The grand duchy has been named one of the world’s top 10 tax havens in the latest “Financial Secrecy Index” released by the pressure group Tax Justice Network. Luxembourg’s finance ministry said the report was “misleading”, lacked sufficient evidence, and ignored recent progress and the country’s observance of EU and international norms.
TJN ranked Luxembourg as the 6th most financially secret jurisdiction overall, behind the Cayman Islands, US, Switzerland, Hong Kong and Singapore in 5th place.
By another measure, the “global market for offshore financial services,” Luxembourg took 3rd place (with 12.36% of worldwide marketshare), behind the UK in 2nd place (15.94%) and the US in 1st place (21.37%). “This makes [Luxembourg] a huge player compared to other secrecy jurisdictions,” according to the paper.
No longer the “Death Star”
TJN said that Luxembourg’s “position is largely unchanged since our 2015 and 2018 index.” According to the report:
“Until recently we were calling Luxembourg the ‘Death Star’ of financial secrecy in Europe, due to its highly aggressive stance in fighting European transparency initiatives. Since 2013, however, Luxembourg has joined various international transparency initiatives and made significant improvements in its financial transparency. We attribute this relative change of heart above all to the evolving international climate on transparency, combined with high-profile global scandals that have cast the tax haven in a highly negative light.”
The report continued:
“Despite these improvements, Luxembourg remains one of the world’s most important secrecy jurisdictions, hosting a range of financial and other activities that foster illegality or abuses elsewhere”.
The activists cited the Luxembourg Freeport (which has repeatedly said it complies with strict national and EU rules), alternative fund structures (which are widely used for many types of constructive investments) and the country’s professional secrecy laws (which do not negate any Luxembourg and EU compliance requirements).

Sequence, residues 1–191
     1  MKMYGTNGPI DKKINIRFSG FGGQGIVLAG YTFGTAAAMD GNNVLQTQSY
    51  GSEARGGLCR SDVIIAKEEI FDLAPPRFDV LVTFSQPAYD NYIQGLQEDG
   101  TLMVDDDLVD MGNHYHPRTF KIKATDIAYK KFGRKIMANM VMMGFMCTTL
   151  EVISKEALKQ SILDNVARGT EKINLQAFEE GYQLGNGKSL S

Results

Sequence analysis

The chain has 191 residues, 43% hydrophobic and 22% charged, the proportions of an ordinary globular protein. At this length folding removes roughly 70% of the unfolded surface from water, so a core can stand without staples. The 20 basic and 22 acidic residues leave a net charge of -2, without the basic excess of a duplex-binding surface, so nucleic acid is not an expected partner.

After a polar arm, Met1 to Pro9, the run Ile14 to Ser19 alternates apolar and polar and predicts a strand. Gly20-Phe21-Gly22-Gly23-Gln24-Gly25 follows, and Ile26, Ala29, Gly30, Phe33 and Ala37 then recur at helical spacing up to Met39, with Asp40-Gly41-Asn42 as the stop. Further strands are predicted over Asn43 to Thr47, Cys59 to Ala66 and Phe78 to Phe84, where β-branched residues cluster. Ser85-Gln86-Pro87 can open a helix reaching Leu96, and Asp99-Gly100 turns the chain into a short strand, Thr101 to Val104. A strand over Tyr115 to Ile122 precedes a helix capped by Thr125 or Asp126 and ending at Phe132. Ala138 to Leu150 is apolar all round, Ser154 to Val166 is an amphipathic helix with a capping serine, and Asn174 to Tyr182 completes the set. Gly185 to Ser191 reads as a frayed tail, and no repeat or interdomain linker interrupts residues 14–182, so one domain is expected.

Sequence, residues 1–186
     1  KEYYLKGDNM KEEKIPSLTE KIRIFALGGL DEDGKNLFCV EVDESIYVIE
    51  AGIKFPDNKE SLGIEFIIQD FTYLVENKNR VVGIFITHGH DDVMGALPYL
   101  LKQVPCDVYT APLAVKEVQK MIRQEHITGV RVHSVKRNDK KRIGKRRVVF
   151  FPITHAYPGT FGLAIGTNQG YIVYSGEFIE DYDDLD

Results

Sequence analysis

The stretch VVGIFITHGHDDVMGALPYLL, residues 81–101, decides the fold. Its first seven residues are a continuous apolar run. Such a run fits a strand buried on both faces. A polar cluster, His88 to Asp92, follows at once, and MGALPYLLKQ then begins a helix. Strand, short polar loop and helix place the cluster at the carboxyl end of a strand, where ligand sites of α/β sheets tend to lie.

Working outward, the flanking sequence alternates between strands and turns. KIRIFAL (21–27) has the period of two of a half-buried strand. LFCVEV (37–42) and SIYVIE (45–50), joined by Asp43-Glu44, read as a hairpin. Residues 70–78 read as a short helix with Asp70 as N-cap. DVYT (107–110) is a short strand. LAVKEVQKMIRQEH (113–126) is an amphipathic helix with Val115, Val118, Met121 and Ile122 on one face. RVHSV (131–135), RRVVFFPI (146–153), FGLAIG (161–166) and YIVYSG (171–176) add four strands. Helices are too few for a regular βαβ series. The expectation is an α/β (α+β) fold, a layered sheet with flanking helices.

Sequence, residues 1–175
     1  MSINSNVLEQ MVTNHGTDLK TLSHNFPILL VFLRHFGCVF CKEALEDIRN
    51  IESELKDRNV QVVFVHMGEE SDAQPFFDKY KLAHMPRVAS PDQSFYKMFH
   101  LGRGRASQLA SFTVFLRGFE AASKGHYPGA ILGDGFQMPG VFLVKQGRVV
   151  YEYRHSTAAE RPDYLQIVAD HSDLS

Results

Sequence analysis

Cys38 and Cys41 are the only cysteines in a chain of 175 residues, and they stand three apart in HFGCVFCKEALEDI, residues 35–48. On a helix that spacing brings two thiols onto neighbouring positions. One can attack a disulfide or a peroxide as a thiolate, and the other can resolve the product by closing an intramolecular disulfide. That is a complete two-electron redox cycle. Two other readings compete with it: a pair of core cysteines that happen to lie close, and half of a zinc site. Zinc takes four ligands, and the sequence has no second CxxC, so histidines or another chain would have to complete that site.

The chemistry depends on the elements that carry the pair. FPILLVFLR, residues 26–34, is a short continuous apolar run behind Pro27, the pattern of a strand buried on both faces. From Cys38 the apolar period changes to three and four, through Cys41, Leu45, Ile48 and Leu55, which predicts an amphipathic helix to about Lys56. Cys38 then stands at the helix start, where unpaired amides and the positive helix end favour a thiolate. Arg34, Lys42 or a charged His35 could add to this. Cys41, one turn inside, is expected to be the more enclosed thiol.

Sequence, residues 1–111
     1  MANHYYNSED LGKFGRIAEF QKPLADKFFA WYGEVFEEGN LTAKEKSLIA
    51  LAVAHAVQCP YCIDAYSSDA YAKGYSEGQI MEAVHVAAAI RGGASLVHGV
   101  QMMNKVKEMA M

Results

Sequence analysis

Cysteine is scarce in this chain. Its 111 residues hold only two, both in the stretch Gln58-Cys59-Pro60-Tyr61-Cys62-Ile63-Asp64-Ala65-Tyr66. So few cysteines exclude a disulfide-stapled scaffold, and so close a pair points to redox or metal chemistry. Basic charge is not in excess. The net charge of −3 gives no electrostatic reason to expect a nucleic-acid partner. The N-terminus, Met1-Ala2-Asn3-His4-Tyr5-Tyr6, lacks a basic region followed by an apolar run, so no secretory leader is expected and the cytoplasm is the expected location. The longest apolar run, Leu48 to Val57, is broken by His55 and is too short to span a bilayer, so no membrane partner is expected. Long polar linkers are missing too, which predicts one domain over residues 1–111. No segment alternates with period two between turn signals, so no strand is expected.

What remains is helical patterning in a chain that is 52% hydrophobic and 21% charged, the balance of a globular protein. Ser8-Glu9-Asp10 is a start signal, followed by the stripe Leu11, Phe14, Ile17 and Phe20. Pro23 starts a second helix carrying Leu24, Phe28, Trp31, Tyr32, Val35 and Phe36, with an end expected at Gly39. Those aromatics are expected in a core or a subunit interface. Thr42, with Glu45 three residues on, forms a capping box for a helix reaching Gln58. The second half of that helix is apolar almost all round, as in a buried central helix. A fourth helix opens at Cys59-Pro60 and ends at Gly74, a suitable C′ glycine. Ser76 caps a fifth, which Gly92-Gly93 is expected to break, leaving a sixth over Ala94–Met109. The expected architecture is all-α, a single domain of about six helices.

Luxembourg’s finance ministry said in a statement to Delano on 19 February:
“The analysis of Luxembourg and its apparent role as a so-called secrecy jurisdiction as presented in the ‘Financial Secrecy Index’ is misleading, if not often outright false. The authors make negative assumptions on Luxembourg’s financial center and legal framework, without providing enough clear and credible evidence to support their analysis.
“The research methodology, for its part, on which it is based seems to be flawed, as it fails to reflect the major progress that has been achieved over the last 5 years in the field of transparency in Luxembourg.”
Indeed, the TJN report cited Jean-Claude Juncker, Luxembourg’s prime minister until 2013, 13 times, but only mentioned Xavier Bettel, PM for the past 6 years, twice.
However, TJN reckoned, “this standard is limited”.
Luxembourg’s finance ministry told Delano:
“Importantly, the analysis (and concomitant ranking) fails to take into account the fact that regulators and institutions of the Luxembourg financial centre are applying all the relevant EU and international standards. Luxembourg, being an active member of the OECD and a founding member of the EU, has implemented and put in practice all applicable OECD and EU rules on exchange of information in tax matters and all of the [Financial Action Task Force] standards on [anti-money laundering] and [countering the financing of terrorism], thus protecting and subscribing to the integrity of the global financial system.
“As a matter of fact, this has been confirmed by a large number of assessments conducted by international fora. The OECD Global Forum on Tax Transparency for example assessed Luxembourg’s standards on the exchange of information on request in tax matters and rated the country as ‘Largely Compliant’.”
Critics of earlier TJN reports have told Delano that the pressure group seems to equate a larger sized financial centre with larger amounts of secrecy. However, the outfit reckoned that greater size requires greater responsibility. In its methodology notes, TJN wrote:
“While large players may be slightly less secretive than other jurisdictions, their greater financial sector size offers far more opportunities for illicit financial flows to hide. Therefore, the larger a jurisdiction’s international financial sector becomes, the greater its responsibility to ensure appropriate regulation and transparency.”
According to the activist group’s report:
“Illicit cross-border financial flows have been estimated at $1trn-$1.6trn per year, dwarfing the $135bn or so in global foreign aid.”